At the November 7 Lunch ‘n Learn seminar, three Princeton faculty members described their use of the University’s TIGRESS High Performance Computing Center, a collaborative collection of four major HPC resources, storage, and the programmers needed to facilitate computational science and engineering on campus.
Frans Pretorius, Assistant Professor of Physics, gave a brief overview of the computational techniques and resources needed to solve Einstein’s field equations, and described how the TIGRESS facilities are instrumental to his research. He explained that numerical relativity is concerned with solving Einstein’s field equations Gαβ =8∂Tαβ. For the computation work on the University’s supercomputing facilities, the field equations form a system of ten coupled, non-linear, second order partial differential equations each depending upon four or more spacetime coordinates.
Pretorius noted that with the advent of modern gravitational wave detectors, we may soon be able for the first time to observe the universe in gravitational waves. Illustrating the product of his research, here are two short movies that illustrate one of the most promising sources of gravitational waves, the collision of two black holes.
Dan Marlow, Professor and Chair of Physics, discussed the Large Hadron Collider (LHC) particle accelerator that will soon begin operation at the CERN lab in Geneva, Switzerland. He emphasized that the LHC represents the next step in our efforts to understand the microscopic nature of matter.
He described the accelerator and the large detector systems (and the associated computer hardware and software) that go with it. The collision energies at the LHC will be significantly higher than ever before, and particle physicists hope that it will reveal new phenomena that will help shed light on such fundamental questions as the origin of mass, the nature of dark matter, and the possible existence of extra dimensions.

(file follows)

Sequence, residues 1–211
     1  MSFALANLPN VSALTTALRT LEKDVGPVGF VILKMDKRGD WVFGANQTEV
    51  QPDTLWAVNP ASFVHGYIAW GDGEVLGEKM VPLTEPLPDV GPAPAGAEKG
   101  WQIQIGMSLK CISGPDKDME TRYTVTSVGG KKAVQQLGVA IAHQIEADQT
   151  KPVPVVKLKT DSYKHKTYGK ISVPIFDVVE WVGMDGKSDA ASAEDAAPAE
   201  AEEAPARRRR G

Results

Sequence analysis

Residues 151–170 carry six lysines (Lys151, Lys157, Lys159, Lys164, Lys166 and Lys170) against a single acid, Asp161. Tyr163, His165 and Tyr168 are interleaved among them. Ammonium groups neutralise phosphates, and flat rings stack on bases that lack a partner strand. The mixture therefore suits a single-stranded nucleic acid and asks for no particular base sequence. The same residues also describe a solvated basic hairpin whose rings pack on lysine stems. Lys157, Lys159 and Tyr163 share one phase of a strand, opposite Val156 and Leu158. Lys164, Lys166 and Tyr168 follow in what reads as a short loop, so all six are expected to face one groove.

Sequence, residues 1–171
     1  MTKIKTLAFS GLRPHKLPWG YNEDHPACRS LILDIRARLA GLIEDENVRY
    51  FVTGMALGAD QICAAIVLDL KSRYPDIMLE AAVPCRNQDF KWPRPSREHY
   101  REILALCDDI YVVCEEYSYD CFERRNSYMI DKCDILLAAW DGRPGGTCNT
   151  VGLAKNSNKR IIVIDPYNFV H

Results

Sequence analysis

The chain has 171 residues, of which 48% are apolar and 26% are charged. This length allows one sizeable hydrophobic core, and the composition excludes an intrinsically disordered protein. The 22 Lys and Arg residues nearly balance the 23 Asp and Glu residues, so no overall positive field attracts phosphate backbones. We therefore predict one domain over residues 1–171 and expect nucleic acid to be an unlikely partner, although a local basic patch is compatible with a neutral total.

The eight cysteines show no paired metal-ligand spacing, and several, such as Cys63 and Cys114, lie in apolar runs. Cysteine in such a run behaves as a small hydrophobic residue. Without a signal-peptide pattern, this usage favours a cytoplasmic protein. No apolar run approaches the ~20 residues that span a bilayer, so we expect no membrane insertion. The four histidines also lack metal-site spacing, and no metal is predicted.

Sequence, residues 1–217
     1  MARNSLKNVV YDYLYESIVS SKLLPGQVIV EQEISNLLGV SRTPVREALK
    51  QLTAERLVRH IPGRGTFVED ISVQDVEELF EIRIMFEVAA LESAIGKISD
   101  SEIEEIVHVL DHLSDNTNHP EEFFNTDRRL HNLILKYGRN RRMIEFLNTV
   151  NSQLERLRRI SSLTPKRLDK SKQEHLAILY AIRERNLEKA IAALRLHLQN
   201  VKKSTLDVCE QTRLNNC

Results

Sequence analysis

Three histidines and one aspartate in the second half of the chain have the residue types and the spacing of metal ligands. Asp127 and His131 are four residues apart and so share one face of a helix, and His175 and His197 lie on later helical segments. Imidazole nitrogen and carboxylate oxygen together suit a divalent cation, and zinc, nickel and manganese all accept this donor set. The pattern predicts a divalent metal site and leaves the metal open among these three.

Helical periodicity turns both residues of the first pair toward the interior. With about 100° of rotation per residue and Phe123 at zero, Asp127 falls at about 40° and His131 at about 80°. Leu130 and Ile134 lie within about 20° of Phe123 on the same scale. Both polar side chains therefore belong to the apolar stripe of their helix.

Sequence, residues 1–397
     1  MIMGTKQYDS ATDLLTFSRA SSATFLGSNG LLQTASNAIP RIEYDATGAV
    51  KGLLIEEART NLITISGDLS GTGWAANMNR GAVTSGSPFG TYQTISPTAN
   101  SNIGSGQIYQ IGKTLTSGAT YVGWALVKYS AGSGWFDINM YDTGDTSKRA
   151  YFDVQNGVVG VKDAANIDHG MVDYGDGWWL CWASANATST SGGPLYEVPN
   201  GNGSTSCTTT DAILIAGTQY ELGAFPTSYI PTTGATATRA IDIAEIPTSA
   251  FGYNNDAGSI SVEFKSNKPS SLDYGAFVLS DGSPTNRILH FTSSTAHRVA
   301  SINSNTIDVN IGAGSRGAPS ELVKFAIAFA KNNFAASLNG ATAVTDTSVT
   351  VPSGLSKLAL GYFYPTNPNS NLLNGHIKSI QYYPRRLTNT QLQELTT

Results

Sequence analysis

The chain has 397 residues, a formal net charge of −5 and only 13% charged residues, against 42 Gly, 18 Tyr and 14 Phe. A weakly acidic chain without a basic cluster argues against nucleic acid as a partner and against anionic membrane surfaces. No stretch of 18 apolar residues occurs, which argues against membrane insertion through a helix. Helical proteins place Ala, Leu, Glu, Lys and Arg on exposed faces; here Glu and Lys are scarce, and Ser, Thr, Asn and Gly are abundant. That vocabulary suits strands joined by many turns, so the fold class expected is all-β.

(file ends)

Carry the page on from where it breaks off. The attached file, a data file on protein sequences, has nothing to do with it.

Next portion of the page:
When running, the LHC will capture the most promising collision events in a 24/7 data stream comprising 104 events per second. Each event is a complex problem in pattern recognition that worldwide supercomputers will address. As Marlow emphasized, the sun will never set on the worldwide computing complex.
Roberto Car, Ralph W. Dornte *31 Professor in Chemistry, discussed the Quantum mechanics of liquid water. Modeling liquid water has long been a theoretical challenge. On one hand, the hydrogen bond interactions between molecules need a proper quantum treatment of the electronic structure. On the other hand, the light mass of the hydrogen atoms prompts a quantum mechanical treatment of the nuclei too.
A full quantum mechanical simulation of the equilibrium structure of water requires very expensive computer simulations that are only possible on massively parallel architectures such as Princeton’s Blue Gene/L platform. Car noted that the simulation optimized for the IBM Blue Gene/L takes approximately one month to obtain converged statistical distributions. Car presented ongoing simulation results and showed how they compare to recent experimental neutron scattering data.
Posted by Lorene Lavora